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Moscow Conference (1945)

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The Moscow Conference of Foreign Ministers (also known as the Interim Meeting of Foreign Ministers) of the United States (James F. Byrnes), the United Kingdom (Ernest Bevin), and the Soviet Union (Vyacheslav Molotov) met in December 1945 to discuss the problems of occupation, establishing peace, and other Far East issues.

The Communique issued after the Conference on December 27, 1945 contained a joint declaration which covered a number of issues resulting from the end of World War II.[1] It was signed by the foreign ministers of the three powers and contained the following sections:

  1. Preparation of peace treaties with Italy, Romania, Bulgaria, Hungary and Finland. (See Paris Peace Treaties, 1947)
  2. Far Eastern Commission and Allied Council for Japan.
  3. Korea: The rival U.S. and Soviet military commands in Korea would set up a Joint Commission to make recommendations of a single free government in Korea. This Commission was treated with great suspicion on both sides from its inception. Most important was the decision that a four-power trusteeship of up to five years would be needed before Korea attained independence.[2]:p.34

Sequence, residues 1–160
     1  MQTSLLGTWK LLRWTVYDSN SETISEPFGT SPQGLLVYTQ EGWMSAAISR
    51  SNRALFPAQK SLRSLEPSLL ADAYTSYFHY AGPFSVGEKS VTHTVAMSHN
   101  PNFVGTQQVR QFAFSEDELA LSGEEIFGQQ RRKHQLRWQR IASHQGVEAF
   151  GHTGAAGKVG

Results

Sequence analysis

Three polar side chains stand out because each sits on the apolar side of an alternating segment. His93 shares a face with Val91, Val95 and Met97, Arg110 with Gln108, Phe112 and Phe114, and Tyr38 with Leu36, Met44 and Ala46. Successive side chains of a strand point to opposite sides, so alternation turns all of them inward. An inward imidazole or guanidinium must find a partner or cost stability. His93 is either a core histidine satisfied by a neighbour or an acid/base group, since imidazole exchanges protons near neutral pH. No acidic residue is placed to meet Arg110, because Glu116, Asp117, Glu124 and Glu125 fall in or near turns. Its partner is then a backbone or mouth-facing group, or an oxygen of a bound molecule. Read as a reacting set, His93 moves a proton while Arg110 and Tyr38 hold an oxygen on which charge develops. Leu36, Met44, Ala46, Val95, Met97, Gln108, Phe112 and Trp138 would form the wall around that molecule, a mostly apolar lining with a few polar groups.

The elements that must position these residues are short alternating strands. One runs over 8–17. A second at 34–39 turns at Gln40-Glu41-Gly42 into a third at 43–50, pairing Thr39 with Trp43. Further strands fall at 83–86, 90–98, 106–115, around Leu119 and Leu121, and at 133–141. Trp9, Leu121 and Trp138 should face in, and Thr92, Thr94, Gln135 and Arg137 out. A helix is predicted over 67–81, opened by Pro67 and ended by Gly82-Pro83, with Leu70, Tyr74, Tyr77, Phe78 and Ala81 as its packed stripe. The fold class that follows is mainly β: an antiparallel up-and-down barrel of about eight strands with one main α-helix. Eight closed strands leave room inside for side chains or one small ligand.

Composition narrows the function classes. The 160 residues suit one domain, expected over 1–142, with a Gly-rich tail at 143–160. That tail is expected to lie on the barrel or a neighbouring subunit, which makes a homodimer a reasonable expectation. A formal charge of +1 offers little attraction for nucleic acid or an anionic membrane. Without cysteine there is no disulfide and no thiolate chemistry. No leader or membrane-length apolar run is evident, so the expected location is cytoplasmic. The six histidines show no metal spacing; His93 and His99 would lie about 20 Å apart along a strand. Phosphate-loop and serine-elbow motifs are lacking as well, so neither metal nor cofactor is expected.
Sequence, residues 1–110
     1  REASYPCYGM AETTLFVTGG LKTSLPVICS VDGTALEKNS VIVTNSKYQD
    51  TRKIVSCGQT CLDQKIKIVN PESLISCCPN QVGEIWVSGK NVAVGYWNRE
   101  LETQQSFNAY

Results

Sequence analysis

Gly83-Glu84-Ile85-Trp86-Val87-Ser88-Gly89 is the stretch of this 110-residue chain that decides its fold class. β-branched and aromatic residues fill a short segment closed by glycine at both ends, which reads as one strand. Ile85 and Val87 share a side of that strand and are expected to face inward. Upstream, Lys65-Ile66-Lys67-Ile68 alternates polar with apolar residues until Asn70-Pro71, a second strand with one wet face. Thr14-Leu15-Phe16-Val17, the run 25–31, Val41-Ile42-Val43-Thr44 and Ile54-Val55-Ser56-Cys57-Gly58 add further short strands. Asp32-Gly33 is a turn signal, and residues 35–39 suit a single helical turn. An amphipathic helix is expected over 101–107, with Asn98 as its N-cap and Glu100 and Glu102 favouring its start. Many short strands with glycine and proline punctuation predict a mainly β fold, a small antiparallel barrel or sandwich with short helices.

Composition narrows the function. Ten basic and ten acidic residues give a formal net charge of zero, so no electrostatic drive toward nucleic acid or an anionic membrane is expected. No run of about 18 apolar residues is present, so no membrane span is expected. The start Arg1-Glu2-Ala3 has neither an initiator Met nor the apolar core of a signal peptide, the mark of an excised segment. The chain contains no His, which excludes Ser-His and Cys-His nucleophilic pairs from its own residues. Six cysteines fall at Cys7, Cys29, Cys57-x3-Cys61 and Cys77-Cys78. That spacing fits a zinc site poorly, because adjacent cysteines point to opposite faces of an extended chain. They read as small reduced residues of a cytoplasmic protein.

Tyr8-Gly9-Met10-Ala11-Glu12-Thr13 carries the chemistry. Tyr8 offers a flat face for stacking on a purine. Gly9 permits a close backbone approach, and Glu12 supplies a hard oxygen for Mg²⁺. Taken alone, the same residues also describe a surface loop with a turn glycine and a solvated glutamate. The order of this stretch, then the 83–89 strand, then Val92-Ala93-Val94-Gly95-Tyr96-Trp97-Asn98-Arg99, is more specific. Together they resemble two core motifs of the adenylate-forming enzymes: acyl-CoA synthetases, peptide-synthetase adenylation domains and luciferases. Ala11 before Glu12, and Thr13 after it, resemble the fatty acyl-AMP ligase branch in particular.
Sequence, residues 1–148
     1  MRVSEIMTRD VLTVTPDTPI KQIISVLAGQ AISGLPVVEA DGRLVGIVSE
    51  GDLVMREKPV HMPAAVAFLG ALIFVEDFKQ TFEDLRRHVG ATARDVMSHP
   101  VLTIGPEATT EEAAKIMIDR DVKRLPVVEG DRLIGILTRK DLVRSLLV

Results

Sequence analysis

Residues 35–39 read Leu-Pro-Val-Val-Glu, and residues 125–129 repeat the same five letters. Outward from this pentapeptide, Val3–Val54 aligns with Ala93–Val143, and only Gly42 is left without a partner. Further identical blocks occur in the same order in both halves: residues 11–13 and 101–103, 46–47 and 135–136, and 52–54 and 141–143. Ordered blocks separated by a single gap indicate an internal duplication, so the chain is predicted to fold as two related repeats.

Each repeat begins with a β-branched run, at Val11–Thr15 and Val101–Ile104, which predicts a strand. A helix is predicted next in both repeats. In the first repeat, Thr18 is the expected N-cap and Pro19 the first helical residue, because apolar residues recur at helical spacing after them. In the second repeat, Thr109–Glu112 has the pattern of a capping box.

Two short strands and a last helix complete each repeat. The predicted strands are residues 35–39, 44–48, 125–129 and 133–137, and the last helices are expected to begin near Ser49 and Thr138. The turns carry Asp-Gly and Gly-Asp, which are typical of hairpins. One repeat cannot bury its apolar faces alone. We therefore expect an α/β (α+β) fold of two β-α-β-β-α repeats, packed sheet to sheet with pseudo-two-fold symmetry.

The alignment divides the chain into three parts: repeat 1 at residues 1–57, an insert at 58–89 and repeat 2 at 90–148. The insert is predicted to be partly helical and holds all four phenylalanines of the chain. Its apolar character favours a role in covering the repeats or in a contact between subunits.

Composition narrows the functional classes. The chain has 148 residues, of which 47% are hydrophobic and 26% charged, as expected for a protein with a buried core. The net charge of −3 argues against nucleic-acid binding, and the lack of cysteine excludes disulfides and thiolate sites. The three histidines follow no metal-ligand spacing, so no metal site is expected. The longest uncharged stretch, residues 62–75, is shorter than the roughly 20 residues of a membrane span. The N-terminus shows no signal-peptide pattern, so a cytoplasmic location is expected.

4. China
  5. The establishment by the United Nations of a commission for the control of atomic energy

Veteran American diplomat George F. Kennan, who was then serving in the U.S. embassy in Moscow, observed the proceedings first hand, and wrote in his diary concerning James Byrnes, the U.S. Secretary of State:

The realities behind this agreement, since they concern only such people as Koreans, Rumanians, and Iranians, about whom he knows nothing, do not concern him. He wants an agreement for its political effect at home. The Russians know this. They will see that for this superficial success he pays a heavy price in the things that are real.[3]:pp.287–288

See alsoEdit


  1. ^ Interim Meeting of Foreign Ministers, Moscow
  2. ^ Leckie, Robert (1962). Conflict: The History of the Korean War 1950-1953. New York: G. P. Putnam's Sons. LCCN 62-10975.
  3. ^ Kennan, George F. (1967). Memoirs, 1925-1950. Boston: Little, Brown.

External linksEdit